Picture: ISTOCK
Picture: ISTOCK


Oslo - Fish diseases and strong demand are likely to limit salmon supplies and support prices into 2019, the world’s biggest fish farmer Marine Harvest says, as it reported a record quarterly profit.

The Norwegian company, which has production in Chile, Scotland, Ireland, the Faroe Islands, Iceland and Canada as well as Norway, said it expected global salmon supplies to rise 4% to 5%  in 2018 against 5% to 7%  previously.

It sees supplies in 2019  increasing 1% to 6% .

“Our growth numbers for the industry are a little bit lower than Kontali’s [a leading Norwegian researcher]. Why? We are looking at the biological issues we are facing, so we expect modest growth in Norway,”  chief financial officer Ivan Vindheim said at the third-quarter results presentation.

Sea lice levels have risen in Norway in the second half of 2018, leading to earlier harvesting, lower weight of the fish and higher mortality rate.

Marine Harvest now expects Norway, which produces about half of the world’s salmon, to increase output by 4% to 5% in 2018 down from 6% to 9%  previously.

For 2019,  it sees Norwegian output in a range of down 1%  to up 3%.

In contrast, production at the world’s second biggest salmon producer Chile is recovering at a double-digit percentage rate, and that is expected to continue in 2019, Marine Harvest said.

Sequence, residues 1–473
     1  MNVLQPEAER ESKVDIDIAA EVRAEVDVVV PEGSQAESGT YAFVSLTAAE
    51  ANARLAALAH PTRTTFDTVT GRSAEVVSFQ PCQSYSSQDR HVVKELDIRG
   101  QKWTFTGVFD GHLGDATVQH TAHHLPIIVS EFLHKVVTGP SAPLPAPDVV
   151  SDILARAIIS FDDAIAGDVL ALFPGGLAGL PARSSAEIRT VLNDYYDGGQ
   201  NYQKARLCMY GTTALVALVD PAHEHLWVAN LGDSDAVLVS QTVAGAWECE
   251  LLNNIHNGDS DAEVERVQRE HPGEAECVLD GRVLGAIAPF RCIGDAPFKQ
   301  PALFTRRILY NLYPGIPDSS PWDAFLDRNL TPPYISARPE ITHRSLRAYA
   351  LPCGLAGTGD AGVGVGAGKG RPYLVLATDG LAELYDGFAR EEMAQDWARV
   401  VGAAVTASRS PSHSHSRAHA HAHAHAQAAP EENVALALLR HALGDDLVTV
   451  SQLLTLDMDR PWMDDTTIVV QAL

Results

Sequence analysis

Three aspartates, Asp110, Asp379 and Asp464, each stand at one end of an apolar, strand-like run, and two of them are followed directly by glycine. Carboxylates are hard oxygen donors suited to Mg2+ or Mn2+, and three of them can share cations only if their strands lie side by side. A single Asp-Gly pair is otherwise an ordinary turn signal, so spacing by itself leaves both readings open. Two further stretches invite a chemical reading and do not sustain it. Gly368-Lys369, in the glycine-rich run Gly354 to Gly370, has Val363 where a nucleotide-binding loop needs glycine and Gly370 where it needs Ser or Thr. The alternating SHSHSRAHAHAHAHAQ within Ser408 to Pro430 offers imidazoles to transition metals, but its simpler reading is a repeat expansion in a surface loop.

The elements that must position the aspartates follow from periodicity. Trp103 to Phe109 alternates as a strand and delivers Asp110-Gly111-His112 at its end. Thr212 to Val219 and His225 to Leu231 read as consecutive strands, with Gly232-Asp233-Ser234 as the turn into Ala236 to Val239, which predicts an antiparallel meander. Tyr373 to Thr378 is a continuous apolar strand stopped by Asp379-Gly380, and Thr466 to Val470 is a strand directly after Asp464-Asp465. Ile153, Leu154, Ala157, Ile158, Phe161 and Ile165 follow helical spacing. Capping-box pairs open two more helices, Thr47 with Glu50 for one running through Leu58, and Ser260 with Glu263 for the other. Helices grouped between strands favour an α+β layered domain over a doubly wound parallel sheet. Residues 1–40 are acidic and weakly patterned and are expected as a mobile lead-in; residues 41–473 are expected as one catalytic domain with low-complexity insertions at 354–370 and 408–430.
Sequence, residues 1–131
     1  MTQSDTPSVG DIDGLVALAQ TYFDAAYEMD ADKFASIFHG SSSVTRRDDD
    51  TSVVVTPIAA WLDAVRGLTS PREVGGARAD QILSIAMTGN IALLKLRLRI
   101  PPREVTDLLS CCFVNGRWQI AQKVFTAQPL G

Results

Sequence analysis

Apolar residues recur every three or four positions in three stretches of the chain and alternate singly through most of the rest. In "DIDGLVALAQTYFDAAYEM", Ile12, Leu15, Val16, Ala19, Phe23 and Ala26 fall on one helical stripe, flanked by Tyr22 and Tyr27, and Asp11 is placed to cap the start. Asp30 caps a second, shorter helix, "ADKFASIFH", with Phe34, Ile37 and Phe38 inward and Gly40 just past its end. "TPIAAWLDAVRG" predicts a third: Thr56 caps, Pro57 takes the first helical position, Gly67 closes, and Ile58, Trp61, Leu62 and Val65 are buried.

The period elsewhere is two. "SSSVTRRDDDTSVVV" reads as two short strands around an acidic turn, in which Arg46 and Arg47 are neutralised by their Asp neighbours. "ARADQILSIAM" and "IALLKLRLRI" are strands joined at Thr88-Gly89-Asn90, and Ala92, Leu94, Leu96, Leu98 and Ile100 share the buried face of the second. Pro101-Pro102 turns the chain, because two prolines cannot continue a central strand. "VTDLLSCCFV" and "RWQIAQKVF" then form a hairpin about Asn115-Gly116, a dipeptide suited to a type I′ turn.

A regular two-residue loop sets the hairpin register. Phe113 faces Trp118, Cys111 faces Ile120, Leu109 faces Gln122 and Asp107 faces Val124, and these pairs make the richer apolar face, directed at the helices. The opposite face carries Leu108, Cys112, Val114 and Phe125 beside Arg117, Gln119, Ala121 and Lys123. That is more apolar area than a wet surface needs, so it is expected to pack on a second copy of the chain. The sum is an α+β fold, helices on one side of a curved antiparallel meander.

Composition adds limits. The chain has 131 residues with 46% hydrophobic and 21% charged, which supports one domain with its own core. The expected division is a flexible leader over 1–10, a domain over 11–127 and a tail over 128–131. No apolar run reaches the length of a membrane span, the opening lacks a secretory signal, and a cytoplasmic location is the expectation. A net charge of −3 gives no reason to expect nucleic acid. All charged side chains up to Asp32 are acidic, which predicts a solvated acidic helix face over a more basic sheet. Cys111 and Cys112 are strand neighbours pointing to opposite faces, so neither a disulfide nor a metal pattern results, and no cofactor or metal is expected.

As demand is strong, Vindheim said he expected a shortage of fish in 2019. Europe is by far the biggest market for Norwegian salmon, although China, Brazil and the US had the fastest growth rates at above 10%  in the third quarter.

Marine Harvest’s operating profit rose to €207m  in the quarter from €194m  in the same period in 2017, above its preliminary guidance of €204m.

“There is strong consumption and good demand in all markets, if you have good products it shows people are willing to pay for good products,”  CE0 Alf-Helge Aarskog said.

The average market price for salmon was €5.72/kg  in Norway in the third quarter. The 12-month forward price on Nasdaq is currently €6.8/kg.

In early trade, Marine Harvest’s shares were up 1.8%  at 205.1 Norwegian crowns.